/CMSApp/TTV/media/Blog/Elections/ThinkstockPhotos-485922097-1024x688_election_results.jpg?ext=.jpg /CMSApp/TTV/media/Blog/Elections/ThinkstockPhotos-485922097-1024x688_election_results.jpg?ext=.jpg

House races in Ellis and Bexar Counties decided by low turnout

Teach the Vote
Teach the Vote

Texas Legislature Elections Privatization | Vouchers

Date Posted: 9/29/2021

A pair of low-turnout special elections Tuesday, Sept. 28, 2021, resulted in a win for private school voucher proponents and another race heading to a runoff.

Republican Brian Harrison of Midlothian defeated former state representative and fellow Republican John Wray of Waxahachie in Tuesday’s special runoff election in House District (HD) 10 by about 1,100 votes in Ellis County, carrying 55% of the vote to Wray’s 45%. Turnout was just 9.5% of registered voters in a district representing 163,000 people.

Harrison indicated throughout his campaign that he will prioritize private school vouchers, which redistribute working Texans’ taxpayer dollars intended for public schools to benefit private and for-profit institutions instead. He was endorsed by voucher proponent Betsy DeVos, whose family has invested millions into efforts to privatize public schools. Harrison will now be able to vote on any public education policy that comes to the House floor until his term expires in January 2023.

In a separate special election in HD 118 in southern Bexar County, another former state representative, Republican John Lujan of San Antonio, and Democrat Frank Ramirez emerged as the top finishers in a five-way race with 42% and 20% of the vote, respectively. The HD 118 race will now head to a runoff on a date to be determined by the governor.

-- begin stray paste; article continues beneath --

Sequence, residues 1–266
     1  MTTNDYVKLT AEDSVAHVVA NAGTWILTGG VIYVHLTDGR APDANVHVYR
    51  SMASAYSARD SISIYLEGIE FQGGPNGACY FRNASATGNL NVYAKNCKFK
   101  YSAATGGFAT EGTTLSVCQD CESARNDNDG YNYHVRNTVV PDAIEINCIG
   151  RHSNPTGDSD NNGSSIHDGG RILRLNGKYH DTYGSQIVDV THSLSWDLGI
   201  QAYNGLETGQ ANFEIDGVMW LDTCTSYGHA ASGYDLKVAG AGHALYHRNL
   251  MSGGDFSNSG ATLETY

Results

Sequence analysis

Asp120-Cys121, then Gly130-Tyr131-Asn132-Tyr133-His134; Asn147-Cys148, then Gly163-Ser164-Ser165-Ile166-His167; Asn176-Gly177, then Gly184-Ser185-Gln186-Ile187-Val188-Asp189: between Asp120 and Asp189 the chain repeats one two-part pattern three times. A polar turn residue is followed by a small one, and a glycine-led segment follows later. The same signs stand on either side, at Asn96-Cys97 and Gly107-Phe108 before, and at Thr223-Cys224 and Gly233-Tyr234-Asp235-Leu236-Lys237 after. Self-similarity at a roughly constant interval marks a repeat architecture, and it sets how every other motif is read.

With just 6.8% of registered voters turning out in the HD 118 race, Republican voters narrowly outnumbered Democratic voters Tuesday in a district that Democrats carried by 17 points in 2020. This is a familiar scenario for Lujan, who won a special runoff election in 2016 only to be defeated later that same year in the general election before ever serving in a legislative session.  

The biggest factor in special elections is often low turnout. Each of these races was determined by less than 10% of the total district population, meaning that each person who voted made the decision for nine other people. This low turnout presents a huge opportunity for those who choose to participate to determine who will represent their interests. For example, approximately 4,000 educators live in HD 10. That’s nearly four times the 1,100 votes that separated the candidates.

Though the HD 10 election has come to its conclusion, all registered voters in HD 118—including educators—still have a chance to determine their next state representative in the upcoming special runoff election. You don’t even have to have voted in Tuesday's special election in order to vote in the upcoming runoff, so be sure to show up to the polls for the runoff even if you didn’t vote Tuesday.

With more critical issues being decided in special sessions, it is more important than ever to vote in every election—especially special elections. Read more about the importance of registering to vote and turning out in elections in this blog post about voter participation from ATPE Lobbyist Mark Wiggins.


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